The scientists found that overall girls and boys with autism didn’t differ on social behavior and communication skills, but that girls had less-severe repetitive and restricted behaviors. Typically, boys outnumber girls by four to one in terms of high-functioning autism diagnoses. In a press release, the study’s senior author, Vinod Menon, PhD, professor of psychiatry and behavioral sciences at Stanford said,

This replication provides the strongest evidence to date for gender differences in a core phenotypic feature of autism. We wanted to know which specific clinical manifestations of autism show significant gender differences, and whether patterns in the brain's gray matter could explain behavioral differences.

Understanding this is really quite crucial clinically. Girls and boys with autism differ in their clinical and neurobiological characteristics, and their brains are patterned in ways that contribute differently to behavioral impairments.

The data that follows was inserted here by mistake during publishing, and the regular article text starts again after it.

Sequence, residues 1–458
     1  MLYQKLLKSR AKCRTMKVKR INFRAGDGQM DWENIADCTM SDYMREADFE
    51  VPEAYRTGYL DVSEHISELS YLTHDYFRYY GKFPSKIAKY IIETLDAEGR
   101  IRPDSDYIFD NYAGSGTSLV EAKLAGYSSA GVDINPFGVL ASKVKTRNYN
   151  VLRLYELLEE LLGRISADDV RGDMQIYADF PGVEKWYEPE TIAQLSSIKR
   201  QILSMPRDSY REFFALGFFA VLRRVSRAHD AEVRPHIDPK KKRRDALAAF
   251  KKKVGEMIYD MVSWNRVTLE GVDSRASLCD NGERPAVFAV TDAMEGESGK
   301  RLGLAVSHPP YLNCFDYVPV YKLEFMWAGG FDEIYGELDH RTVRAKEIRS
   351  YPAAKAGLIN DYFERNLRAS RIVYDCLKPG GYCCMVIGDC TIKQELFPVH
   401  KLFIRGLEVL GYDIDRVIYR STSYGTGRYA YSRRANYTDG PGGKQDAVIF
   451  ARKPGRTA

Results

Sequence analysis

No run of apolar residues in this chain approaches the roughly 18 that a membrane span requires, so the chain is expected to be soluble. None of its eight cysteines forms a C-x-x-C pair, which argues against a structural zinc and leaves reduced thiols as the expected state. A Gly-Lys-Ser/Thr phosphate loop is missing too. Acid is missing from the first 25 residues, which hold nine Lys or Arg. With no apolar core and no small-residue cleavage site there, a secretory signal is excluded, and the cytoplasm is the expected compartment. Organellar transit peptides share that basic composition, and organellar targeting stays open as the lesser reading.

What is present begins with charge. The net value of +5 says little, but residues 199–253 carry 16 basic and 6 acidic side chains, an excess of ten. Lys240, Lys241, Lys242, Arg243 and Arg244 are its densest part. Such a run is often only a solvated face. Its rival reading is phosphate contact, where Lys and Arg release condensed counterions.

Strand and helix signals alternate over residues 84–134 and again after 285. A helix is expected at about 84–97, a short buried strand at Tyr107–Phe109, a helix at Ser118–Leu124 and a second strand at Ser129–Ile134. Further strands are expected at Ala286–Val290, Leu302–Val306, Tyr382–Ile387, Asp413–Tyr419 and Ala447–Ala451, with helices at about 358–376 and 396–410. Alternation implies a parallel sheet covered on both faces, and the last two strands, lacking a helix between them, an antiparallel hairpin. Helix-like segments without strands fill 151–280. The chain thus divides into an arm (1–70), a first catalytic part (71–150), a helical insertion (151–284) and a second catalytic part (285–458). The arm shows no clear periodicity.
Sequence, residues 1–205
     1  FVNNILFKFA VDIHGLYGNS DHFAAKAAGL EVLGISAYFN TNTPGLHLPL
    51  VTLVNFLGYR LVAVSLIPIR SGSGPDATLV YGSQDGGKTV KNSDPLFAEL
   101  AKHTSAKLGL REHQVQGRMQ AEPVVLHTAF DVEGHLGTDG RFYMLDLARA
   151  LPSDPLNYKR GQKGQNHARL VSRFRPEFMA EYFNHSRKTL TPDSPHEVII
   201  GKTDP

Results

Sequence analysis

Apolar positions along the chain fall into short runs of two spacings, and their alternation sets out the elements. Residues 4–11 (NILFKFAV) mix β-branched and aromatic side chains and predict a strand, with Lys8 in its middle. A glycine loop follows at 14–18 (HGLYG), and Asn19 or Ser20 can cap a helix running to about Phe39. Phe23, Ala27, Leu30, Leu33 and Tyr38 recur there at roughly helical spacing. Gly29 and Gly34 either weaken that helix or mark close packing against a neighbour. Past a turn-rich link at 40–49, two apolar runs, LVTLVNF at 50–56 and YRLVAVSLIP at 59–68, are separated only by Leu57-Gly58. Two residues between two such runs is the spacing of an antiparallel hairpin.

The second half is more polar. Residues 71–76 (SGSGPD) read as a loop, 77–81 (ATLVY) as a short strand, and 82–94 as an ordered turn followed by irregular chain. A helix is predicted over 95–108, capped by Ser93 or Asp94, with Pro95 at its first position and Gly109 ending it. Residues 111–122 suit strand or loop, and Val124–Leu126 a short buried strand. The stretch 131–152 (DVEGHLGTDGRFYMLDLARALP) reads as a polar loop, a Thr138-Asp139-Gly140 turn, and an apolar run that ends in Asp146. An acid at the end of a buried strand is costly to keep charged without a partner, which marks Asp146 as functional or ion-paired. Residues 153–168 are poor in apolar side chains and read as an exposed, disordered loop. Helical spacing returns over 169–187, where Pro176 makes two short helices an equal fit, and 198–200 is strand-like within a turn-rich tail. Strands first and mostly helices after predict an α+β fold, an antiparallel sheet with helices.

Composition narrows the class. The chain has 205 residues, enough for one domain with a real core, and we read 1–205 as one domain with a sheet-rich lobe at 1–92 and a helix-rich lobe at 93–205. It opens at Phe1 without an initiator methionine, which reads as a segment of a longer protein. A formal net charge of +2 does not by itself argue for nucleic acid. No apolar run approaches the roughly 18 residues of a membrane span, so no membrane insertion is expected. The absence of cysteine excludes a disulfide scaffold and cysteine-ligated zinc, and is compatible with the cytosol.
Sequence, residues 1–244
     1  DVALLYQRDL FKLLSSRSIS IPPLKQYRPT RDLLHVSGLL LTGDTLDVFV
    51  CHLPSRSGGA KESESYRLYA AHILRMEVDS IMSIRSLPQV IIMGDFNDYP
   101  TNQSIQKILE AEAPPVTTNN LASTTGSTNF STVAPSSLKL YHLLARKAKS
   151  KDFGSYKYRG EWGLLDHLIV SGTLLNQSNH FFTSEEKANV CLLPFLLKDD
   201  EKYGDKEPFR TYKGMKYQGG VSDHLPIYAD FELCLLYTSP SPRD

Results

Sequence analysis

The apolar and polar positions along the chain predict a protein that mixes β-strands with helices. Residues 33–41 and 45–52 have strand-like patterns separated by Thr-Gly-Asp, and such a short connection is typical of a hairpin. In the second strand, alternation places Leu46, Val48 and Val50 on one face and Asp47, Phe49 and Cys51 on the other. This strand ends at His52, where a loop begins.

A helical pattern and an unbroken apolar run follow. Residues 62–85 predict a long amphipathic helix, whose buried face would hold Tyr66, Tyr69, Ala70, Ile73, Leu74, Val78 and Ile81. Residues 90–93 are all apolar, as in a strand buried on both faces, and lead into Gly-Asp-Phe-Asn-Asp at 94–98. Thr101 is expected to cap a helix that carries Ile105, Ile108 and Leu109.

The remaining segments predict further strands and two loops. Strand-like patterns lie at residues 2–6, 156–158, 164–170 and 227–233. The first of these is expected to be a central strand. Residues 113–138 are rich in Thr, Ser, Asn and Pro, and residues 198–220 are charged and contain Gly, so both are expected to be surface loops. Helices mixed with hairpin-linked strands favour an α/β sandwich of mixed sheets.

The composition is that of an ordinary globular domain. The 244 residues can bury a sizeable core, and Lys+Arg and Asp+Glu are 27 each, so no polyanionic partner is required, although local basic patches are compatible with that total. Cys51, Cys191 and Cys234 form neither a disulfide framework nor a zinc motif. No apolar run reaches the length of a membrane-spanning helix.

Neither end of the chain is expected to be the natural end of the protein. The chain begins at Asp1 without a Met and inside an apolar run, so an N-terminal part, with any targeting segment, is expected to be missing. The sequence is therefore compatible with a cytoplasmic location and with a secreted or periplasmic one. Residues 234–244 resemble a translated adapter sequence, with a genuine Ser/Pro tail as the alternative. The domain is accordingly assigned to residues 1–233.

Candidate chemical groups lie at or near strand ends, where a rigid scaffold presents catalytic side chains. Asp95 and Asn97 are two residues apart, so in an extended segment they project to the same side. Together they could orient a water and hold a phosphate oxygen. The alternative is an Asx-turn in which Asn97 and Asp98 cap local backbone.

Kaustubh Supekar, PhD, the study's lead author added, "We found strong evidence for gender differences in autism. The discovery of gender differences in both behavioral and brain measures suggests that clinicians may want to focus diagnosis and treatments for autistic girls differently than boys.”

Supekar and Menon were interested in comparing the expression of core features of the disorder between sexes because they have long suspected girls with autism may display symptoms differently, causing them to be underdiagnosed or making it harder for them to get the most appropriate treatment.

"Autism has primarily been studied from the viewpoint of boys with the disorder," said Menon. "Understanding gender differences can help in identifying the behavioral skills that are most important to remediate in girls vis-a-vis boys."

The brain-scan analysis revealed several gender differences in brain structure between typically developing boys and girls that are consistent with the findings of earlier studies. Children with autism, however, had a dissimilar set of gender differences in their brains—specifically, in the motor cortex, supplementary motor area, and the Crus I subdivision of the cerebellum (Latin for “little brain”).